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Optimal Financial Contracts for a Start-Up with Unlimited Operating Discretion

Listed author(s):
  • Matthew Spiegel
  • S. Ravid
Registered author(s):

    This paper presents a model in which asymmetric information and extreme uncertainty lead to the exclusive use of equity and riskless debt for small business financing. The paper derives these results without any restrictions on the available contract space, the distribution function governing a project?s payoff, or the risk aversion of most potential entrepreneurs. Linear securities derive from the assumption that small business financing involves more uncertainty than is captured in most financial models. Instead of assuming that business people are faced with a given menu of projects, the model allows entrepreneurs to create (over time) an unlimited number of non-positive net present value projects with any payoff distribution they desire. Also, outside investors cannot observe project choice but only terminal cash flows. As a result, suppliers of funds must design contracts so that in equilibrium entrepreneurs do not wish to undertake undesirable investments. Further analysis of the model shows that in equilibrium entrepreneurs must contribute some of their own capital. The paper also finds that when a firm does not have any collateralizable assets, the equilibrium funding agreements have the property that the investors split the project?s proceeds in proportion to their initial investments. We further demonstrate that the existence of an infinite number of non-positive NPV projects can lead in equilibrium to positive abnormal returns earned by outside financiers. The model also produces a pecking order theory of financing. It is shown that highly profitable firms, and/or those companies run by relatively risk neutral individuals will first try to raise funds with riskless debt, and then turn to equity only when the supply of riskless debt has been exhausted. Finally, the paper shows that the linearity of the equilibrium contracts derives from the entrepreneur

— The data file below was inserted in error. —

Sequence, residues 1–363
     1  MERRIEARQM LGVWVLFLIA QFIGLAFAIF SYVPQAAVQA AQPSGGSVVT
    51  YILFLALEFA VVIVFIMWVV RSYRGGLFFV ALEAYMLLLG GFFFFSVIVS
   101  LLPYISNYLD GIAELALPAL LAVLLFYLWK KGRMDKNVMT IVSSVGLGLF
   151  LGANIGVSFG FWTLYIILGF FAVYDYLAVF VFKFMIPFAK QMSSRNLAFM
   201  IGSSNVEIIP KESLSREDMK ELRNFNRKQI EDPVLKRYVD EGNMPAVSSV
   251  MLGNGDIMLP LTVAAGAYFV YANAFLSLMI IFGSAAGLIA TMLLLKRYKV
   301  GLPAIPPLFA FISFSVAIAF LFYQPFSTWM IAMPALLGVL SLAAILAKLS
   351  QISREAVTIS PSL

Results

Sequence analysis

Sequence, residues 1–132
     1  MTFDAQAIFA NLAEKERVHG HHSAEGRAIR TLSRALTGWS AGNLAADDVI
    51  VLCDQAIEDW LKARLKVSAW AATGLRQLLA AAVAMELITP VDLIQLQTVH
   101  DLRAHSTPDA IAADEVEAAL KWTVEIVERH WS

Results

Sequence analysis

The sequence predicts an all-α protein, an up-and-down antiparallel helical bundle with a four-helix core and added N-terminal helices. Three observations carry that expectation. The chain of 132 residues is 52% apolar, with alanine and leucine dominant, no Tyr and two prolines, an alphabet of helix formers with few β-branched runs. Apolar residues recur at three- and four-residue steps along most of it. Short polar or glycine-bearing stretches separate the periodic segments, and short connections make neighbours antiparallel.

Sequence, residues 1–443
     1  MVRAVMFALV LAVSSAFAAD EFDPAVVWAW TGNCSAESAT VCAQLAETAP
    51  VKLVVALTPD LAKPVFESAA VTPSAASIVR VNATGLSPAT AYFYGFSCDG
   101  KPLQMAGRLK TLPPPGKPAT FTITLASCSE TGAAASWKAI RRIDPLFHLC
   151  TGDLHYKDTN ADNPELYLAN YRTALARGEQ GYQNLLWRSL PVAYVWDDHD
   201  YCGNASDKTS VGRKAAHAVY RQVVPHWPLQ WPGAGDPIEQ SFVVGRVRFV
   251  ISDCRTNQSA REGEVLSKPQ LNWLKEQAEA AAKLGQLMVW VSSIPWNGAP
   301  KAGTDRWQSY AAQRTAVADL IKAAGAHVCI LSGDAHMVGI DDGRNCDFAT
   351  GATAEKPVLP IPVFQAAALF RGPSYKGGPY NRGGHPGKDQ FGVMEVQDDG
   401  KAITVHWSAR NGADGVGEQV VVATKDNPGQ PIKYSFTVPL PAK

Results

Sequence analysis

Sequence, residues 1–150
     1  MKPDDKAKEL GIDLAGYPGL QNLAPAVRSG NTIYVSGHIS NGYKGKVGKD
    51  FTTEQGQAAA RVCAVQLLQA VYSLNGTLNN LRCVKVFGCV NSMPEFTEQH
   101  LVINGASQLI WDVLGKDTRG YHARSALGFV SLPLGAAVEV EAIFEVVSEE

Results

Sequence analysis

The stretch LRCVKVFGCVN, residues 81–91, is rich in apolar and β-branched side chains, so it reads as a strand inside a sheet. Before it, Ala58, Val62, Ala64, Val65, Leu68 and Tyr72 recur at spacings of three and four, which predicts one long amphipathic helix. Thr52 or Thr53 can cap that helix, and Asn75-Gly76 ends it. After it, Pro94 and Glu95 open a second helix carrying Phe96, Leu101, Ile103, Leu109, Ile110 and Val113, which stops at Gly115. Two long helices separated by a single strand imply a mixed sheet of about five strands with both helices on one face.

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    Paper provided by Yale School of Management in its series Yale School of Management Working Papers with number ysm77.

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    Date of creation: 01 Mar 1998
    Date of revision: 01 Aug 2000
    Handle: RePEc:ysm:somwrk:ysm77
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